The recent article “India’s growth-inequality predicament” (FE, November 23, http://goo.gl/nj1AdW) by Rajesh Shukla makes the policy argument that both growth and poverty reduction are necessary in a country with many very poor people. Social welfare schemes that are in the nature of charity for physical well-being must accompany others that build skills. This enables the poor to seize the opportunities offered by a growing economy. Such charity welfare programmes must be within the country’s means. They should not lead, as they have done in India, to large government deficits. Persistent large government deficits have had negative consequences, one being persistent inflation. Persistent inflation hurts the poor and can make charity for physical well-being less effective. That is why growth is important. It enables increasing tax revenues, which can fund such programmes. It is not the “trickle-down” effects of growth (a presumptuous phrase) that reduce poverty. When growth pulls up the well-to-do, it does so, to a much smaller rupee income extent, the badly-off as well. The poor earn better because of growth, not from a “trickle” from the tables of the well-to-do.
Is economic inequality at all avoidable? Most people do not want to be equal; they want to be better than their friends and neighbours. Political parties and governments must not attack income inequalities. Inequalities in wealth are a different matter, since a concentration of wealth in a few hands might lead to political power as well. In a democracy, policies to ameliorate the effects of social inequalities must be followed. Urban migration seems to lead to diminishing social inequality. Merit and hard work are the differentiator, not caste, community, etc.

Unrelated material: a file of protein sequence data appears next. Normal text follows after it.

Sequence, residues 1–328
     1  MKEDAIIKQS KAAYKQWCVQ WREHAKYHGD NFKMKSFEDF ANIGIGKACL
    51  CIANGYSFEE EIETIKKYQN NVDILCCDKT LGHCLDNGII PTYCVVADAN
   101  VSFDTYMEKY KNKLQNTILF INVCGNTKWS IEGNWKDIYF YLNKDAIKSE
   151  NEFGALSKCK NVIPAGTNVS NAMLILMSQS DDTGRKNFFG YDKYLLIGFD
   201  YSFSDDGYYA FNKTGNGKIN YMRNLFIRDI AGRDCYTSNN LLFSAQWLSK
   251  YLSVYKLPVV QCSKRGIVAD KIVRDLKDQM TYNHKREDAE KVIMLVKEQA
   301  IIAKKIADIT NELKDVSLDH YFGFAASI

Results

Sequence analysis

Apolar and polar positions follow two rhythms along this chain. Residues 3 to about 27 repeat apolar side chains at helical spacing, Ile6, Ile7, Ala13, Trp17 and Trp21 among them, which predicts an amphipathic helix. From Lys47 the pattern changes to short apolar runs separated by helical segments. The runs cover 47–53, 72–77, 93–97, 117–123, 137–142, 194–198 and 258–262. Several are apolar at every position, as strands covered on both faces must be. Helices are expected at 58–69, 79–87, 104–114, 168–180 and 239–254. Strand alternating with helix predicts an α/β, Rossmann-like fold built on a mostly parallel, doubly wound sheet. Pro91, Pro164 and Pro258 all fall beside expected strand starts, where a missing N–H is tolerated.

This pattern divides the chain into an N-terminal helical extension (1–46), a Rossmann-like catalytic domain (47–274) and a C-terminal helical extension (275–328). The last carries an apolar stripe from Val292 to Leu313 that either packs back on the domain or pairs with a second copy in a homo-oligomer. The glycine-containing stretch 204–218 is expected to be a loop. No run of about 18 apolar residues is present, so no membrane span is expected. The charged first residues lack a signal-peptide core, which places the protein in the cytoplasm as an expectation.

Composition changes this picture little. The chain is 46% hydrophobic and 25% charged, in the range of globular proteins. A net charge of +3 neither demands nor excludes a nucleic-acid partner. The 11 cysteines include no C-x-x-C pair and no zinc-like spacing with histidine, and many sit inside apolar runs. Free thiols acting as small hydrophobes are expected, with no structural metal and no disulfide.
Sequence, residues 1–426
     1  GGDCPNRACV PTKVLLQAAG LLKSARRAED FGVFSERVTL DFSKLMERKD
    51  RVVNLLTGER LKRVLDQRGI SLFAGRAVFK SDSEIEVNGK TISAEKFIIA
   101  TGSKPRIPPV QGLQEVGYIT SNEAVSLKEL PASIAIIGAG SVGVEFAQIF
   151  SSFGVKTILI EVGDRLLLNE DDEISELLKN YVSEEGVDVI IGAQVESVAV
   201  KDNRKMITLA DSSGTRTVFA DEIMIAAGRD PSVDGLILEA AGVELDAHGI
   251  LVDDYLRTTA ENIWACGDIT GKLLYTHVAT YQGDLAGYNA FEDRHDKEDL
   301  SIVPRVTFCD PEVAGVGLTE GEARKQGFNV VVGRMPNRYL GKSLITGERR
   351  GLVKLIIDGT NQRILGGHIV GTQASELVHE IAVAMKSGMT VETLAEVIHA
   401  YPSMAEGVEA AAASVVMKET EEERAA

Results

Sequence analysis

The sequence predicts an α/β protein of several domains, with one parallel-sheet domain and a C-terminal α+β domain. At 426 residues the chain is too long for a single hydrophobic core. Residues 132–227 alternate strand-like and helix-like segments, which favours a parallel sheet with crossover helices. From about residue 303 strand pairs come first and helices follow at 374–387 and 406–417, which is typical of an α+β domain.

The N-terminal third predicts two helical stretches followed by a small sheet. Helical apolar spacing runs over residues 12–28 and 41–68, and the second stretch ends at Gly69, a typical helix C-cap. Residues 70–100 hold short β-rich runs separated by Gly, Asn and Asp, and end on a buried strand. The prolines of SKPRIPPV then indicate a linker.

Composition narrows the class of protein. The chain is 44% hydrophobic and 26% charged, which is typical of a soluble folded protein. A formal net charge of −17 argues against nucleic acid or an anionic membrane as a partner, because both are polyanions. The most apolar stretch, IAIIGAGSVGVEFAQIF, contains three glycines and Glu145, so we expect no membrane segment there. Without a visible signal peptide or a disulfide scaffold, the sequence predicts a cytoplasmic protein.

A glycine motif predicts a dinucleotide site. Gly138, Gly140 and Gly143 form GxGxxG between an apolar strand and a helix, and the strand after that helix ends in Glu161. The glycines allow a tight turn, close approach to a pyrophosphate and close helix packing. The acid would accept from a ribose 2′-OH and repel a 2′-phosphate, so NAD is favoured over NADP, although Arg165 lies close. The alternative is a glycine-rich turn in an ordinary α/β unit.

However, a more basic issue must be addressed. Should governments tackle poverty or income or wealth inequality? During India’s socialist era of a “command and controls economy”, all three were the objectives of state policy. Government policies did not reduce poverty. To control income and wealth inequalities, penal rates of income taxation, high import duties, high wealth and inheritance taxes, and other indirect taxes, were expected to limit the consumption of goods and services considered as “luxuries”.
For example, polyester fabrics were for many years considered as luxuries and the fibre for its manufacture was subject to heavy duties. Even the chemicals to make polyester fibres were heavily taxed. In the event, even the poor were willing to pay the high prices for polyester fabrics because they could do with fewer